15 APRIL 1916, Page 14



SIEL,—May I add a word to the interesting correspondence you have had on the above subject following the article on" Heroes and Heroics "? In the course of my friendship with sundry wounded soldiers I have heard much of two well hated and one well liked amongst the larger military hospitals in and near London. I inquired of a particularly fine young North Countryman the reason of the popularity of the latter place, and his reply was that not only were the Sisters allowed to exercise a considerable amount of discretion as to the length of the visits of friends, but also it was possible for any man well enough to acquire a permanent pass, which he only had to show at the gate, and which enabled him to go out alone any day within certain hours and within a three miles radius. Visits were allowed to any houses not hospitals or public-houses during this time. If a man wished to go further afield, he could apply any day for a pass to do so from the Major. Should a man come back drunk, the leave of his whole ward was stopped for a day or two. But the interesting thing was that before those humane permits were given there had been constant trouble from men breaking hounds, whereas after they were given the number of those returning drunk and disorderly had been infinitely smaller. At the much-hated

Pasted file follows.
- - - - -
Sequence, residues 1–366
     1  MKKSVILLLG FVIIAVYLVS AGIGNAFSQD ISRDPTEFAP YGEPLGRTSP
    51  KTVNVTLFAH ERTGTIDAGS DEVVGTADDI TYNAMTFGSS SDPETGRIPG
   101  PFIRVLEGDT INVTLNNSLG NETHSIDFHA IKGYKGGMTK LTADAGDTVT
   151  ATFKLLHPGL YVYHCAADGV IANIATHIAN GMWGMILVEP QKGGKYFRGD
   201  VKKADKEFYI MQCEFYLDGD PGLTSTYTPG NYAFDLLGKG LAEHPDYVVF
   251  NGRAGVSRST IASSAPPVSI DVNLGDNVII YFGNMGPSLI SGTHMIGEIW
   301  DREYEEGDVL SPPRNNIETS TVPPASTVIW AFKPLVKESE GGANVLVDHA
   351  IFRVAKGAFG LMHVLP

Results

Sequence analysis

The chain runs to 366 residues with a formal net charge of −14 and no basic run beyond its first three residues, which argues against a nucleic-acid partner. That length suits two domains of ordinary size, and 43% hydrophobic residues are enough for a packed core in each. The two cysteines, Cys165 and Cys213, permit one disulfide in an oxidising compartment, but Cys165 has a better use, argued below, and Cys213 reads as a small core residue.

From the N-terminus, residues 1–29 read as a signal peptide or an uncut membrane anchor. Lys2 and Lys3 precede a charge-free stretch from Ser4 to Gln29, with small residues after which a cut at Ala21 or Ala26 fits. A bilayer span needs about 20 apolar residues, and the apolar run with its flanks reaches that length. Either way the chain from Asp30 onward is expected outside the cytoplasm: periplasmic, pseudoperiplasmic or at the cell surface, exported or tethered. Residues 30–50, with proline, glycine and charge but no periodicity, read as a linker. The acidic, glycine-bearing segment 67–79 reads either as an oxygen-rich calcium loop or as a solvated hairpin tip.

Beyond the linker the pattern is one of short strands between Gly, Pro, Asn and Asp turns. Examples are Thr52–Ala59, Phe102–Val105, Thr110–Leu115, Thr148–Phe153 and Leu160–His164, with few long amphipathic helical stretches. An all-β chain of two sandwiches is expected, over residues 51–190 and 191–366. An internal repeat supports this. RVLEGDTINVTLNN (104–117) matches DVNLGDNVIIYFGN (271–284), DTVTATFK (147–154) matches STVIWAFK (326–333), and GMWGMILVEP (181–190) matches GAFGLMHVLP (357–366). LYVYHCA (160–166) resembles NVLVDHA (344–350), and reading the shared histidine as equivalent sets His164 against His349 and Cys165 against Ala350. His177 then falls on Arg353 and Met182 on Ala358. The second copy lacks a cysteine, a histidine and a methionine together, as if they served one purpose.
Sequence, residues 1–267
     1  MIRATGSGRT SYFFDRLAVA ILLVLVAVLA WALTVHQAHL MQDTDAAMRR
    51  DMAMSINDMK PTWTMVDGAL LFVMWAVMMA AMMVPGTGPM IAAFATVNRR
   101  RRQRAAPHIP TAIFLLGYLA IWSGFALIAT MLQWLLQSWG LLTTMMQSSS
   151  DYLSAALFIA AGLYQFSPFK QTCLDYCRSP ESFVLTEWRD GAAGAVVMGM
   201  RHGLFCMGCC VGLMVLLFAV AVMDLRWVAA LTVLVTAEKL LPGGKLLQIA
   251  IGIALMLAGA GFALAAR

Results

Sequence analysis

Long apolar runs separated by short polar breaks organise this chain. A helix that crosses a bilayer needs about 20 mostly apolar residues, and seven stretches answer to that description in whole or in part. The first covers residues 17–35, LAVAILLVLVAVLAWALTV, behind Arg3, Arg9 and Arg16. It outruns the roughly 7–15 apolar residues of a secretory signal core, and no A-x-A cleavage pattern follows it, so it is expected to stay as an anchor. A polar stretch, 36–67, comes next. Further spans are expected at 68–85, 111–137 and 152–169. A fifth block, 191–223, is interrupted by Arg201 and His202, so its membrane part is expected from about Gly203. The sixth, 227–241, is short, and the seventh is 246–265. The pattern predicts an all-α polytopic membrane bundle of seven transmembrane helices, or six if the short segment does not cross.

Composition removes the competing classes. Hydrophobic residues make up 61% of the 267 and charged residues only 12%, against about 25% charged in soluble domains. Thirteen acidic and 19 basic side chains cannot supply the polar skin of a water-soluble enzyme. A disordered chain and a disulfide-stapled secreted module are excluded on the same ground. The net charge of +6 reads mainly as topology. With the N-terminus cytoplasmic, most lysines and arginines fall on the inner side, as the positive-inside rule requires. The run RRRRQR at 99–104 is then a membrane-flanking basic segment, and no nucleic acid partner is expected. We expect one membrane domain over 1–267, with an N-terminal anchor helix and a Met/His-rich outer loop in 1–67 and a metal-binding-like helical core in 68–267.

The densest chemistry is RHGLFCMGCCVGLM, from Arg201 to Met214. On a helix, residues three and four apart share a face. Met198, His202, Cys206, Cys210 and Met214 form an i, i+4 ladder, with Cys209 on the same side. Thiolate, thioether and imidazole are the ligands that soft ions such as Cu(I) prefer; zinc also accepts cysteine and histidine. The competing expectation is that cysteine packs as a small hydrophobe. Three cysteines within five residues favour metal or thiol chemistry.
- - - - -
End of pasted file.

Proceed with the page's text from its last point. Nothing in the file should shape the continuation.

hospitals the rules appear to have been such as those described by "A Student in Arms " ; and I have found the superior men galled by this narrow-minded red-tape system as much as, if not more than, the leaser spirits. If it can be relaxed with such success in one hospital, why not [Our sympathies are entirely with "H. H." and with the practice of the " well-liked " hospital We are all in favour of a wide and wise discretion being exercised, though we see, and have already stated, certain difficulties. We must not forget, however, that hospitals are under authority and have to obey their " orders" just as have individual soldiers. At present it is very difficult to see how those orders could be obeyed and yet exceptions be made. If relaxation of the orders can be obtained, great will be the gain.—En. Spectator.]